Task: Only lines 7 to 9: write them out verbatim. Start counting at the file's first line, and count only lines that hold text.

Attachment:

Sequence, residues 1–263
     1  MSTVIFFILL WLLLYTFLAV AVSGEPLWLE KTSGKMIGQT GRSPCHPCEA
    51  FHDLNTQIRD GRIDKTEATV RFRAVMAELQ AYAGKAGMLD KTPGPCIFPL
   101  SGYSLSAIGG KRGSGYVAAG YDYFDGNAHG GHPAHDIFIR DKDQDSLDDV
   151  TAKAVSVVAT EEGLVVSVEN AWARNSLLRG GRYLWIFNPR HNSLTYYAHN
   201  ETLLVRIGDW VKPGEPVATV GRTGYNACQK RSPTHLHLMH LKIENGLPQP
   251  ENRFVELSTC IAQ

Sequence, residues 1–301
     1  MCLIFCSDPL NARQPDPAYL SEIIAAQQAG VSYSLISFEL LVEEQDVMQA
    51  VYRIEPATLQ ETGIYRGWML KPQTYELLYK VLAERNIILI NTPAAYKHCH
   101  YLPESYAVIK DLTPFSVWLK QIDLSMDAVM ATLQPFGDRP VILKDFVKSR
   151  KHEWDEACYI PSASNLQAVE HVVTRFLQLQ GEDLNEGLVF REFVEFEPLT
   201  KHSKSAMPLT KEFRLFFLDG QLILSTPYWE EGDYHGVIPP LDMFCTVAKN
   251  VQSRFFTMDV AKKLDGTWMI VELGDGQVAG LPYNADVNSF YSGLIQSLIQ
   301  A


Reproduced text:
   251  ENRFVELSTC IAQ

Sequence, residues 1–301
     1  MCLIFCSDPL NARQPDPAYL SEIIAAQQAG VSYSLISFEL LVEEQDVMQA